It Makes Me Feel Alive: An Interview With Lea Porcelain

"Creativity is in the way you dress and even in the way you eat—the way you walk down the street is creative."

Recently, the post-punk duo Lea Porcelain self-released their debut LP, Hymns to the Night. The people behind the project, Julien Bracht and Markus Nikolaus, sat down with alt-J’s Thom Sonny Green to discuss their creative process, early musical memories, and the changing shape of the way people find and connect to music. —Amy Rose Spiegel, Editor-in-Chief, Talkhouse Music

Thom Sonny Green: What is your earliest memory of being interested in making music?

Julien Bracht: I played drums. That was my hobby and my instrument, but [when] I was 15, I started to produce music, and then I really got into it.

TSG: Do you remember showing it to people for the first time?

JB: Yeah, to my parents and my brother. They were really supportive from the first second. Then I moved from Spain to Frankfurt, and I had this very tasteful techno house scene around me. I was very inspired by all these clubs and DJs. In audio engineering school, I met this one guy who was also doing techno. He had really good taste and really good records, so we always listened to music together, and we also made some music together. You?

TSG: When I was about nine, I knew music was for me. When [I was] a kid, I didn’t try and rationalize it; I just felt good when I listened to it. I went to church every Sunday with my dad, and there was a kid there who was maybe three years older than me. He knew that I was interested in the drums—I didn’t own drums, and I never really played, but I had this weird obsession with it, and he knew that, and he played drums. He made me this cassette tape, and I listened to it constantly. That sparked my interest and made me really love music, and then I started to think about it more. I was focusing on the rhythms and things on the drums.  It had Michael Jackson on there. I hope my dad still has it somewhere.

JB: That was my first CD: Michael Jackson, singing “They Don’t Care About Us.” I think I was seven.

TSG: Wow, yeah. Some people like music, but some people don’t. Think about it.

Markus Nikolaus: Some people just put on the shittiest radio station in the car and let it happen. I’m thinking about my mom—she doesn’t care. It’s a different kind of taste, like how some people really don’t care what they eat or how they dress. She doesn’t care about music. Maybe Robbie Williams and Taylor Swift, but she doesn’t even really know them by name. She bought Adele’s album three times because it was in the shop everywhere, and she gave it to everyone. I wonder what is going on in her mind when she thinks about music, versus what’s going on in our minds, because it must be completely different.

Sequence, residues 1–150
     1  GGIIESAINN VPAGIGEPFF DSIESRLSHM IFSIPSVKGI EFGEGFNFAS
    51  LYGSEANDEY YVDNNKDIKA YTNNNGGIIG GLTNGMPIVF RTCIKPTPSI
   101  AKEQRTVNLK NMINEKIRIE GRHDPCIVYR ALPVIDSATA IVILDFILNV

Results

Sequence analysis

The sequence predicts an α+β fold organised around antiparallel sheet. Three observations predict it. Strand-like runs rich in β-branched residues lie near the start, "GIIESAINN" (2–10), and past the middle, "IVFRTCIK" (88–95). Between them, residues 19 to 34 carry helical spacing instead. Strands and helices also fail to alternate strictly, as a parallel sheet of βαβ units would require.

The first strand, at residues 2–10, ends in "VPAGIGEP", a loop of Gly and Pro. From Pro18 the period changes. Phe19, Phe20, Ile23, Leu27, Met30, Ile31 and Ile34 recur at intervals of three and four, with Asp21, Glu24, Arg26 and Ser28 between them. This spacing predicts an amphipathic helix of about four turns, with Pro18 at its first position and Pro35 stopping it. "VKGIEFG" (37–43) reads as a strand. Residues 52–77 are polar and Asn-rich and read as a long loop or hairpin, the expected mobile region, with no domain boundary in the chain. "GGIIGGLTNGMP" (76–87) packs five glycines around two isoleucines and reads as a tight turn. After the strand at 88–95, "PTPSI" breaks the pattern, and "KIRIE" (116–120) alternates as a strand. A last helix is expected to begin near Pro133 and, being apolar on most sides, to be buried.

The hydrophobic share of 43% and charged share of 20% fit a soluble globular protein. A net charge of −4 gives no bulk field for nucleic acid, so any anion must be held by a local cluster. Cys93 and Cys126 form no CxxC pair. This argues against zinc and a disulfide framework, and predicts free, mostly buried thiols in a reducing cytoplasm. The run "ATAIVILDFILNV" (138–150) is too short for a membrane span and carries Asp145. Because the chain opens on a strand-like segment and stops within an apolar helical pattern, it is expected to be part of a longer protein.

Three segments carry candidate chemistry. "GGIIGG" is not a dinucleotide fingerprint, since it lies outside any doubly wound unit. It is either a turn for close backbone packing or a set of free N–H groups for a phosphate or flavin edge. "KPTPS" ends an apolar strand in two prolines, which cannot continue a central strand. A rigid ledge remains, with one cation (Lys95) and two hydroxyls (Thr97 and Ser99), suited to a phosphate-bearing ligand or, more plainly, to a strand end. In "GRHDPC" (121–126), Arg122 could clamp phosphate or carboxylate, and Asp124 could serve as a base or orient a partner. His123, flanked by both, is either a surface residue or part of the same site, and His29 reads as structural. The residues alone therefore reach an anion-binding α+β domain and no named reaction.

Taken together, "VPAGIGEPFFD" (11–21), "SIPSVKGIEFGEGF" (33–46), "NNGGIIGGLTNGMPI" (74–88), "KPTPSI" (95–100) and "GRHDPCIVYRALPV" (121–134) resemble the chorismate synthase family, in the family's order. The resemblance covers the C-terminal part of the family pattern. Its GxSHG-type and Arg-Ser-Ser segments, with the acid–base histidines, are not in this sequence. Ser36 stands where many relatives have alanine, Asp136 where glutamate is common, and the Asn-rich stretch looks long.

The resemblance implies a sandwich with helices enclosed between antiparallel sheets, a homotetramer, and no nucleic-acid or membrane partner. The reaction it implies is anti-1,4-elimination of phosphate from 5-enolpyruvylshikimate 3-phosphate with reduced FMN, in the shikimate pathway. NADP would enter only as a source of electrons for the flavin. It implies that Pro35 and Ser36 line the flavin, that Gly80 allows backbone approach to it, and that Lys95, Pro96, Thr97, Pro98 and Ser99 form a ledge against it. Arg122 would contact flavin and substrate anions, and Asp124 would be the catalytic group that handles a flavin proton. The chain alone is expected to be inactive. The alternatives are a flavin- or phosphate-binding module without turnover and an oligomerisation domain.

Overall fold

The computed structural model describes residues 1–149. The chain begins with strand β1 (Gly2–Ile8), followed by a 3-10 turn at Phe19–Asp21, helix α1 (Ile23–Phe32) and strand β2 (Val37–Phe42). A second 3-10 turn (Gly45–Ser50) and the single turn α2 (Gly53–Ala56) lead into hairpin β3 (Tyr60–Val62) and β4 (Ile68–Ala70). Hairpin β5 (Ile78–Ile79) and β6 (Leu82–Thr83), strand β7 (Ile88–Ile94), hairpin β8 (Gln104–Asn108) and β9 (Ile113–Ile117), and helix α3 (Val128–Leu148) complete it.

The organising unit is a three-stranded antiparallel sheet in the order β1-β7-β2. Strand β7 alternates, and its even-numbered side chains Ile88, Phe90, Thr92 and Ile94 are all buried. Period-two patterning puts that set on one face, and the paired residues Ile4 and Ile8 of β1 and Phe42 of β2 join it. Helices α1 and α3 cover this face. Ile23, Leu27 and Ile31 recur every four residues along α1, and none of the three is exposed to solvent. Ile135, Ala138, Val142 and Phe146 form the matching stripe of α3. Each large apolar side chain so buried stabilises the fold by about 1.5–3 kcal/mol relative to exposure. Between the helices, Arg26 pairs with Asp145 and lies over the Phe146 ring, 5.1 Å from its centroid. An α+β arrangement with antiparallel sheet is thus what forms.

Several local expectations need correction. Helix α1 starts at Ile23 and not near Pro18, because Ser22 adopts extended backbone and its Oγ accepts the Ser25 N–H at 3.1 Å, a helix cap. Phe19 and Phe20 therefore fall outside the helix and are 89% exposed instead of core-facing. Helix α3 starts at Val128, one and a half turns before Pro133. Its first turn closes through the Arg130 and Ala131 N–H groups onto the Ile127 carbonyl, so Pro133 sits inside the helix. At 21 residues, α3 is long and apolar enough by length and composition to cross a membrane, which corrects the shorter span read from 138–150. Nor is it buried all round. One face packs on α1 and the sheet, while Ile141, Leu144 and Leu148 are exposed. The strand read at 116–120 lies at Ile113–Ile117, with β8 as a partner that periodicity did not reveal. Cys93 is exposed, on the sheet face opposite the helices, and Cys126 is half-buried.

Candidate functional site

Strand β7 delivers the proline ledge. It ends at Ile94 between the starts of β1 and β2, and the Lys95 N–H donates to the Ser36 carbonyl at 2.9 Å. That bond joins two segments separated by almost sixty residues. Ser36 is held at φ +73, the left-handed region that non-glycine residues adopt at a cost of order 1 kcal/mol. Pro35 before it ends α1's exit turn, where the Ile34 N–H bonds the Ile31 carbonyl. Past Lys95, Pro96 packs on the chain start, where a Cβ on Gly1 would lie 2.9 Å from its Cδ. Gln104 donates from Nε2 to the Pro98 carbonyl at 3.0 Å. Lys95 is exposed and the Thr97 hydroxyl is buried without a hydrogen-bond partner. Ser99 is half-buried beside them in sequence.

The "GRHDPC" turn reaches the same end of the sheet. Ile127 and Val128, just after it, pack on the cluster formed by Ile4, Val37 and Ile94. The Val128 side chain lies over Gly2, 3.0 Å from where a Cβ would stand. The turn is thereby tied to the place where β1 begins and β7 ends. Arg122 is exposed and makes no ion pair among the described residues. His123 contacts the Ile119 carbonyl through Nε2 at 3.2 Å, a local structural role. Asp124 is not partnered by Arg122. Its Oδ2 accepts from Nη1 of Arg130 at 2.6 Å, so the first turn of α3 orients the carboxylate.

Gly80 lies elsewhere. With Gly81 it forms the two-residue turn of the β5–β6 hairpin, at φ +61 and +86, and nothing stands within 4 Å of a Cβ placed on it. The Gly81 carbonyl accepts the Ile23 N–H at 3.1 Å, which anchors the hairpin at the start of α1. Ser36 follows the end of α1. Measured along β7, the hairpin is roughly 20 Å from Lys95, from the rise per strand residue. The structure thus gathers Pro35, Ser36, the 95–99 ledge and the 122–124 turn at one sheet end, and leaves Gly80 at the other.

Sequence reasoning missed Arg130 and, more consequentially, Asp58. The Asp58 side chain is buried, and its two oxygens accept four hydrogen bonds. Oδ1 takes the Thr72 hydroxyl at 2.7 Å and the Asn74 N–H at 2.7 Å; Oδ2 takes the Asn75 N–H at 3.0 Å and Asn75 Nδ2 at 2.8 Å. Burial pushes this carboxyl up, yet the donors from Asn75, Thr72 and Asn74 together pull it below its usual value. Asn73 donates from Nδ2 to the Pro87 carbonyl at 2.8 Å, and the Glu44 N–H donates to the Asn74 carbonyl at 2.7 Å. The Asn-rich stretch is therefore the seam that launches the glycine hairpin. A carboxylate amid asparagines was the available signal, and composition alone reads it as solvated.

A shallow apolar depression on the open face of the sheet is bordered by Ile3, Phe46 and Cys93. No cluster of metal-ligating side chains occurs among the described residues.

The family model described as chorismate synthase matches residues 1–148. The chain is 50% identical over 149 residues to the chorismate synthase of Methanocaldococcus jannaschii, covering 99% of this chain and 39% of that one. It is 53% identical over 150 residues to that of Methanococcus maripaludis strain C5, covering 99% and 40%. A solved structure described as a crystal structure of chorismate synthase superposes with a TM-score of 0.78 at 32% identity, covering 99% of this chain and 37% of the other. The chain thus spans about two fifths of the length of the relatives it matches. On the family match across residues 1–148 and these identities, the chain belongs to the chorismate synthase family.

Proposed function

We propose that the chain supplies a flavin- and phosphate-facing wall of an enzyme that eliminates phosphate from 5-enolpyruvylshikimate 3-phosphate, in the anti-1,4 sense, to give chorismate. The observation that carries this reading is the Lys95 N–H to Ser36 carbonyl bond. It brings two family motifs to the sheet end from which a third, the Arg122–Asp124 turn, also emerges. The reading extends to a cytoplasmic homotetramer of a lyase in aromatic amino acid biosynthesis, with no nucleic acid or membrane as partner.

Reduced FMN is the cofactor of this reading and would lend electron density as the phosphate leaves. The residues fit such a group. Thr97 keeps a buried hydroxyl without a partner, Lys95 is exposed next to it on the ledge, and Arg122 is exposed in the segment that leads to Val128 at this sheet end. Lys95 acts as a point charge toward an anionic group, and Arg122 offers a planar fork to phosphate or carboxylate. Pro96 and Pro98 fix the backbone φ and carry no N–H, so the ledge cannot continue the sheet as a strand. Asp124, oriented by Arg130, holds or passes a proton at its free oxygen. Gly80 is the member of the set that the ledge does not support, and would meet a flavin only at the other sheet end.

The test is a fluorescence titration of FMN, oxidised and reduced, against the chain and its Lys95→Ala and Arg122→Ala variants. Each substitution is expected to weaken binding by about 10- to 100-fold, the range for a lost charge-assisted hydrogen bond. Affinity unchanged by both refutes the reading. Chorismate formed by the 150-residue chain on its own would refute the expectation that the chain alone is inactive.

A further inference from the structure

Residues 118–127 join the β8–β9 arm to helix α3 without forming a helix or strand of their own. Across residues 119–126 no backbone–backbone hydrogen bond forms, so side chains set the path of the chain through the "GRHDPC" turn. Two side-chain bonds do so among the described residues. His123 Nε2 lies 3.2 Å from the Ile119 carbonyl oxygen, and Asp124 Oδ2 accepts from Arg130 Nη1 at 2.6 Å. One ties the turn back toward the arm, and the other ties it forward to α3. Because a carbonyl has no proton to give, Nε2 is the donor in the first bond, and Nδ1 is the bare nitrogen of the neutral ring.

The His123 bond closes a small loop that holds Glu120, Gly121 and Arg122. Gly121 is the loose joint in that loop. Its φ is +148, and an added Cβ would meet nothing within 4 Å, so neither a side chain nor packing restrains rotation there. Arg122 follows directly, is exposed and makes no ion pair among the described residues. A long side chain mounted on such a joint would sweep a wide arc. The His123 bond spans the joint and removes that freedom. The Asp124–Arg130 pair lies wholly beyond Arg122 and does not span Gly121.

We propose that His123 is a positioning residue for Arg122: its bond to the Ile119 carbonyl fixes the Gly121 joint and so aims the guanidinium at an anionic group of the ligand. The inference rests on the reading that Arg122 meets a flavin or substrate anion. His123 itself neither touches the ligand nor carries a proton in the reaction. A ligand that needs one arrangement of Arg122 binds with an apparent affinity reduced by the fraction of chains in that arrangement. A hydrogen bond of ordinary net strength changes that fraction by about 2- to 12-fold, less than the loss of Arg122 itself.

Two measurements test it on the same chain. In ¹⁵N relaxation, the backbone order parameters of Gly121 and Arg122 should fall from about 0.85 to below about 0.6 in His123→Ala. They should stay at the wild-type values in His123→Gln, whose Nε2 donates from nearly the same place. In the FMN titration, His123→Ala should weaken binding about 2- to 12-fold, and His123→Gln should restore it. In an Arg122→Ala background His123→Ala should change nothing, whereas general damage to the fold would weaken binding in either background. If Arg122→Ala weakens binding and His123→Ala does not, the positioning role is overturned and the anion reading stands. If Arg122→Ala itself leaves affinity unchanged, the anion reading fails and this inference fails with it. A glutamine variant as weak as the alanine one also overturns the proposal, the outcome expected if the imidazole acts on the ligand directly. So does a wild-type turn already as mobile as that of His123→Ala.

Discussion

TSG: I do wonder, for example, why we need it—not even appreciating music, but the need to make it. Creativity is in the way you dress and even in the way you eat—the way you walk down the street is creative. I’m aware of myself a lot, and I feel like those kinds of people may be aren’t as introspective, and that they are more extroverted, so maybe they operate by immediate information—they don’t think too much. Sometimes I envy those people. I’d love to be able to not think for five minutes. But it’s funny—there is a definite difference. I’ve got a friend from university who doesn’t like music. She openly admits that she doesn’t need it.

JB: Music is the strongest emotion-maker.

TSG: That’s why I listen to so much music—I’m always looking for that thing to make me just stop what I’m doing. Recently, I started listening to Benjamin Clementine. He’s a performer—the way he looks and everything. His style of playing is very passive. I’ve run into many that said he used to go around with sauce pans and just hit these sauce pans, and he was a drummer, really. Then put him on piano, in a passive way, and he’s hitting the keys as a drummer would. I mean, some of the melodies, like “I Won’t Complain” and “Cornerstone” from the first album, are just incredibly beautiful, and the lyrics. That piano melody…it’s starstruck, but it really speaks to me in a way that most things don’t. It’s colorful, and it makes me feel alive, and I need that. That’s one of the reasons I make music, because hearing that kind of thing makes me want to do the same thing. That’s where it comes from. I want to be able to do that myself, and the possibilities for music are infinite. That’s really appealing, because most things aren’t. A lot of day-to- day things can be mundane, and with music, it’s endless, and it’s so abstract and simple, as well. You can create something with three notes and speak to somebody with that. It’s very addictive when you think you’ve done it. I don’t know if I’ve ever done it.

JB: Most of the time, it’s also the most simple note combination—it hits you, and you’re just like, OK, wow! I have these three notes sitting here; I don’t need 16 in a row to complicate stuff.